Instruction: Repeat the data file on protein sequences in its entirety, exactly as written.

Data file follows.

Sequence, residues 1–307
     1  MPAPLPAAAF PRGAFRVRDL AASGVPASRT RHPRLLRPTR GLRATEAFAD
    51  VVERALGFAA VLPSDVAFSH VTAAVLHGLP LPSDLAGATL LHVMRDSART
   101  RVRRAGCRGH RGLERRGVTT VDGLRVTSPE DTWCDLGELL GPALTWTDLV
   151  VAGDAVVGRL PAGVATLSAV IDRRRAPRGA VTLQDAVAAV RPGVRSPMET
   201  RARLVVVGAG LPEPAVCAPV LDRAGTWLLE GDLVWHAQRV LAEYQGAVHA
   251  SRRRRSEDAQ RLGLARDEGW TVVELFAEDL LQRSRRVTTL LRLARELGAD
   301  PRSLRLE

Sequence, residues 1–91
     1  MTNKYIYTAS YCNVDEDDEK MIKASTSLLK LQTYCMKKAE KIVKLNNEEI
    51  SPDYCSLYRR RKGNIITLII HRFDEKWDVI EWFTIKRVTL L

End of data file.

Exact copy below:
Sequence, residues 1–307
     1  MPAPLPAAAF PRGAFRVRDL AASGVPASRT RHPRLLRPTR GLRATEAFAD
    51  VVERALGFAA VLPSDVAFSH VTAAVLHGLP LPSDLAGATL LHVMRDSART
   101  RVRRAGCRGH RGLERRGVTT VDGLRVTSPE DTWCDLGELL GPALTWTDLV
   151  VAGDAVVGRL PAGVATLSAV IDRRRAPRGA VTLQDAVAAV RPGVRSPMET
   201  RARLVVVGAG LPEPAVCAPV LDRAGTWLLE GDLVWHAQRV LAEYQGAVHA
   251  SRRRRSEDAQ RLGLARDEGW TVVELFAEDL LQRSRRVTTL LRLARELGAD
   301  PRSLRLE

Sequence, residues 1–91
     1  MTNKYIYTAS YCNVDEDDEK MIKASTSLLK LQTYCMKKAE KIVKLNNEEI
    51  SPDYCSLYRR RKGNIITLII HRFDEKWDVI EWFTIKRVTL L